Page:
The Mathematica Journal
Volume 9, Issue 2


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In and Out
Edited by Paul Abbott


Q: Consider the following initial-value problem.

The differential equation cannot be solved explicitly so you have to use NDSolve. How can I use the output of NDSolve as the model function argument to NonlinearRegress?

A: Carl Woll ( writes: Basically, there are four steps.

1. Define the model with both the parameters and variables restricted to numeric quantities to prevent NDSolve from being given symbolic input.

2. Compute the derivatives of the model with respect to each parameter.

3. Teach Mathematica about these derivatives.

4. Use NonlinearRegress as usual.

After restricting the input parameters and to be numeric quantities, numerical solution is straightforward. The variable used inside NDSolve is in a Module to ensure that it does not already have a value. Dynamic programming improves efficiency by computing and saving the solution for fixed and .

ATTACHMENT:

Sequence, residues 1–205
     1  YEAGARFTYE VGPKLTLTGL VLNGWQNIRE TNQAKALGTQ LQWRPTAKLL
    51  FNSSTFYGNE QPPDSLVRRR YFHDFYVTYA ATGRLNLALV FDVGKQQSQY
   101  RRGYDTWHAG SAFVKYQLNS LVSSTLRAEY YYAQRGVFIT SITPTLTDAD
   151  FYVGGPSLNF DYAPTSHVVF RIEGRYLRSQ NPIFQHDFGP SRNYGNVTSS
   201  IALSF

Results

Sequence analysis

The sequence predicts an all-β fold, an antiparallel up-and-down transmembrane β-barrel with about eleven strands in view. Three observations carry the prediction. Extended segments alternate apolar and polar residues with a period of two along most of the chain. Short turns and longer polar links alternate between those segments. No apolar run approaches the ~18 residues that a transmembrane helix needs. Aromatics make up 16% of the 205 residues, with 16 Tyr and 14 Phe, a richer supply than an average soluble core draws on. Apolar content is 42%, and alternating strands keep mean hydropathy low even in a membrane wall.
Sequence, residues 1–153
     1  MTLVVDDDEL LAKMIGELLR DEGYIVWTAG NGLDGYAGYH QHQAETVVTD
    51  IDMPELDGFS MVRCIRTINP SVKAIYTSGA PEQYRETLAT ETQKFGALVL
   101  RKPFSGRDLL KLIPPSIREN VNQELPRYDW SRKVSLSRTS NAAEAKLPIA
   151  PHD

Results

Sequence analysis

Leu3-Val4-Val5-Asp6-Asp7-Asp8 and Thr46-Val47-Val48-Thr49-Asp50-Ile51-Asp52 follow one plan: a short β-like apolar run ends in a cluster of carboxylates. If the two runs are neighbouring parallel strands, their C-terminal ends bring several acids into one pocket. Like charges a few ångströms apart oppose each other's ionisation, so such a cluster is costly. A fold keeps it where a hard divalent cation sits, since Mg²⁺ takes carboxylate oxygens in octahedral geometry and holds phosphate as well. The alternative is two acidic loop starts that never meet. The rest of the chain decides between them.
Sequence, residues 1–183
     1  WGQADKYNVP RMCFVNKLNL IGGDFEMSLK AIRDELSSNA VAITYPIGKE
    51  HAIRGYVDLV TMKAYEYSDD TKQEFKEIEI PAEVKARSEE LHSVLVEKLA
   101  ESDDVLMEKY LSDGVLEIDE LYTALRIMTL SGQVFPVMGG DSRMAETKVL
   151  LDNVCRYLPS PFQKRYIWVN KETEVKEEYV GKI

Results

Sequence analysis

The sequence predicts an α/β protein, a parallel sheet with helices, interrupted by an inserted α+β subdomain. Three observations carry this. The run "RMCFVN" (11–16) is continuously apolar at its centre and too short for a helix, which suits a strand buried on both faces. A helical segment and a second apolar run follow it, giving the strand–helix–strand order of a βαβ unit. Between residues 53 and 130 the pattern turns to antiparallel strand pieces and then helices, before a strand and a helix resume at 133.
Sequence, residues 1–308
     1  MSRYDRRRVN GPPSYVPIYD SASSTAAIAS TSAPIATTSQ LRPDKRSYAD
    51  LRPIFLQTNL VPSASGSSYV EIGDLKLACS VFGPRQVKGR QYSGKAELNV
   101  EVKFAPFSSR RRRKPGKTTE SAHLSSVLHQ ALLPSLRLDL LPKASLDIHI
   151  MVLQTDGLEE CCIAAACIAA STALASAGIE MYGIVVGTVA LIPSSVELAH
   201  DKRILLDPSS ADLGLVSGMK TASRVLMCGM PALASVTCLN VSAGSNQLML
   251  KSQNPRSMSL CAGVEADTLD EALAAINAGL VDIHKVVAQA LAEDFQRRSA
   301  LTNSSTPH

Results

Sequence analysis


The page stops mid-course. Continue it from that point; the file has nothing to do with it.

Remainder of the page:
Plot the solution for and .

Next, compute the derivatives of with respect to the parameters and , by differentiating the parameters of the differential equation and the initial condition.

Then use NDSolve on the system of ordinary differential equations, consisting of the original and the differentiated equations.

After you have computed the derivatives of the model with respect to the parameters, teach Mathematica this information.

Next, use NonlinearRegress in the usual way. Load the package.

Create some noisy data.

Then run NonlinearRegress.

View the best-fit solution.

This method allows you to use the full power of NonlinearRegress in a simple and very natural way. There are other approaches, but most of them require that you either use the FindMinimum method of NonlinearRegress, or that you abandon NonlinearRegress (and all of its statistical feedback) and use FindMinimum directly.

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